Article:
Kristen Kieffer published Build Your Best Writing Life: Essential Strategies for Personal Writing Success on Amazon. "If you're a passionate writer, self-publishing on Amazon presents a great opportunity to earn ongoing income from your work," she says. However, she cautions that you have to remain focused on seeing the project through: "Beyond the sizable work required to write, revise, and publish a book, independent authors must actively maintain their online platforms and marketing strategies to earn steady income."

SEE ALSO: The DealNews Seller's Guide

In other words, even though self-publishing might feel like one of those write-it-then-sit-back-and-wait-for-the-money-to-roll-in gigs, that's not the case. The fact is, part of this side hustle is to just keep hustling.

To self-publish, sign up for Kindle Direct Publishing (KDP), and you'll be guided through a process that allows you to upload your stories directly to Amazon. Once they're there, you keep up to 70% of your sales (compared to 25% or less for most writers published through traditional publishers), as well as the rights to your book. It's up to you to make sure to keep those sales coming, though.

Become an Expert Before You Begin

If you want to do everything right the first time, read a book or take a class. A lot of experts are prepared to teach you how to use Amazon to make money. Just make sure you do your research and find the book or course best suited to the business you hope to start. Some courses might be overkill if you're just hoping to downsize your father's cuckoo clock collection. Then again, it never hurts to know more when it comes to business.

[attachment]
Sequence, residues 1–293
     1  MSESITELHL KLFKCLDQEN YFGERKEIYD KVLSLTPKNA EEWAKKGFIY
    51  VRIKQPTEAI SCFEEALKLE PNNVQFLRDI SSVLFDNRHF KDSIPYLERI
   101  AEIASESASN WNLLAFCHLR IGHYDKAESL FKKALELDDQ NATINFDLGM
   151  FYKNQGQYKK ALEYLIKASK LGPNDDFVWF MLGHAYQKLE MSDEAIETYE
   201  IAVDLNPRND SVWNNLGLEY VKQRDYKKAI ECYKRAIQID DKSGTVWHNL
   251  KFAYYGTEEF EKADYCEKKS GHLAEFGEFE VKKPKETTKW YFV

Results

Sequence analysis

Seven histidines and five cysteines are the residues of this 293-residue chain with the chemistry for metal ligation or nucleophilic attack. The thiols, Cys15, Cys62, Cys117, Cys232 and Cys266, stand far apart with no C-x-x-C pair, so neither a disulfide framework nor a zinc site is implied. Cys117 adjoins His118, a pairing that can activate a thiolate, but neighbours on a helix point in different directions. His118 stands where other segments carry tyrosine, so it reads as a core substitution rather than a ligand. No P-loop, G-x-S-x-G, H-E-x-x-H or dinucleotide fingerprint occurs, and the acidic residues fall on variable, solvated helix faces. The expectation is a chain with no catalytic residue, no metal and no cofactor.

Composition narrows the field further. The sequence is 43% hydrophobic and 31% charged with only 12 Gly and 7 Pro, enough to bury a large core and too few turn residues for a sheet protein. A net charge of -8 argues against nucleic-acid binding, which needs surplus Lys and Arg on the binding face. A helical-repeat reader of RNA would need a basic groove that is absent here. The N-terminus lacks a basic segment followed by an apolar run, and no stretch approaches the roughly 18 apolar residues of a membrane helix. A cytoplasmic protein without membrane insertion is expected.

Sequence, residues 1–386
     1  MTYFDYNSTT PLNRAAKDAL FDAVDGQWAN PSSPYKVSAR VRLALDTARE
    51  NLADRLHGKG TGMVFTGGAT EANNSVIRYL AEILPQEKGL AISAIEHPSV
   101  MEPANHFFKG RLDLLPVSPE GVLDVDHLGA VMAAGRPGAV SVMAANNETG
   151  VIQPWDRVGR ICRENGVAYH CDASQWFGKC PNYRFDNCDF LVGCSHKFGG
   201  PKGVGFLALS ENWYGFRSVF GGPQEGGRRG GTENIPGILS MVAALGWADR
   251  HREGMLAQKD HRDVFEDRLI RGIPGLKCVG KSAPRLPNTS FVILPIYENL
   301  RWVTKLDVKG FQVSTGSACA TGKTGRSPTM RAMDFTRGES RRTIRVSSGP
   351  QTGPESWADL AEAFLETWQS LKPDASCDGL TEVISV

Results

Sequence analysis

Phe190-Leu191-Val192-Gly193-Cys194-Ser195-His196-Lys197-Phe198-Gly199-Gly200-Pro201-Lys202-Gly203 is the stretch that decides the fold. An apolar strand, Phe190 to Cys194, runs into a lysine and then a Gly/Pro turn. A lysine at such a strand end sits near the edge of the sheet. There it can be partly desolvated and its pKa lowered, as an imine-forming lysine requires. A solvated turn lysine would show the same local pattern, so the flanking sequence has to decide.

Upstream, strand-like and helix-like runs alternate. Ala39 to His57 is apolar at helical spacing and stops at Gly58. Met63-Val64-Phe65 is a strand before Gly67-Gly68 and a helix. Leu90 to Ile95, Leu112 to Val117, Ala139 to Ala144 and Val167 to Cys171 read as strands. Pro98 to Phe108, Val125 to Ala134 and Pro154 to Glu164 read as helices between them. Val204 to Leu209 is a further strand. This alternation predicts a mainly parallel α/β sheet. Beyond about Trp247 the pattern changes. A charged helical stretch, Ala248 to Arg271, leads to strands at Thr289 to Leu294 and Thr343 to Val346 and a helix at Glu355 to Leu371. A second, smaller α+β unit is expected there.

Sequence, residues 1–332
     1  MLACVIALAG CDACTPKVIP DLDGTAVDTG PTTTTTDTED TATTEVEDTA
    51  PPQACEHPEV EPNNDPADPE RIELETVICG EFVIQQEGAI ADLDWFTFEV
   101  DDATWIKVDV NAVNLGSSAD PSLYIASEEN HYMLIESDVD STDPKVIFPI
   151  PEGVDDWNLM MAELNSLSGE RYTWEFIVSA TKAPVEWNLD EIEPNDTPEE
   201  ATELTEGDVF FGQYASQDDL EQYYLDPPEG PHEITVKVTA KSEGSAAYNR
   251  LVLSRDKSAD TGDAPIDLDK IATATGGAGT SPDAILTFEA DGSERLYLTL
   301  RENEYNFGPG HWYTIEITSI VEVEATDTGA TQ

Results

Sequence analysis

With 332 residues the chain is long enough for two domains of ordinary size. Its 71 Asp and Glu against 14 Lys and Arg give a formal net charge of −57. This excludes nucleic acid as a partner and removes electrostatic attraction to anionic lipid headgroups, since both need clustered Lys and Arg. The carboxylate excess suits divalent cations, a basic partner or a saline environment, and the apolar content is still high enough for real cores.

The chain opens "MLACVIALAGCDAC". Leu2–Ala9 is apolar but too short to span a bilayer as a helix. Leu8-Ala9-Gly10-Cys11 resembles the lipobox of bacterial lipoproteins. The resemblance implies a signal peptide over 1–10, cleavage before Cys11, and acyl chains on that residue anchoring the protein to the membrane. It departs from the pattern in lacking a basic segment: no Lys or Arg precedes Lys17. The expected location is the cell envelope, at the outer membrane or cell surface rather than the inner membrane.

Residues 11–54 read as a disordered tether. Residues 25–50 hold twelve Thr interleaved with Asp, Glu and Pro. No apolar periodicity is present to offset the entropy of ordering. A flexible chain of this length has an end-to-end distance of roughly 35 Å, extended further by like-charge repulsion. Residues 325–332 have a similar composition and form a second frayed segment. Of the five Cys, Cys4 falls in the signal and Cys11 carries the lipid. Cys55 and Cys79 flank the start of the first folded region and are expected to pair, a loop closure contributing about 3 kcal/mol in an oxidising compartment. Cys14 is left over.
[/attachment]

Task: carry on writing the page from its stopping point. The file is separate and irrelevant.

No time to read? Check out this edition of the DealNews Seller's Guide!

While Amazon wants to create an environment that attracts sellers, they're also a business trying to make money. So as you move forward, understanding the platform can only be to your benefit.

"When you set up your account, you have to set ship speeds and regions," explains longtime Amazon seller Jason Evege, whose made-in-the-USA linen sheets company, Linoto, sells products via FBA. "The temptation is to sell everything Prime," — in other words, overnight. "But look at the costs," he says, "because if you fail to get the shipment out in time, the customer could get the item for free, or worst case, Amazon could suspend your account."

It's also good to note that the longer it takes you to ship an item, the further back Amazon's algorithm could push your product. So knowing what you're doing before you begin can be the key to establishing a business that brings in extra income for both the short and long haul.

Joselin Linder
Contributing Writer

Joselin's work has appeared in The New York Post,, Morning Edition, Life of the Law and xoJane. Her books include The Family Gene and The Gamification Revolution. She sometimes remembers to tweet with a handle that economically combines her first and last names: @joselinder
DealNews may be compensated by companies mentioned in this article. Please note that, although prices sometimes fluctuate or expire unexpectedly, all products and deals mentioned in this feature were available at the lowest total price we could find at the time of publication (unless otherwise specified).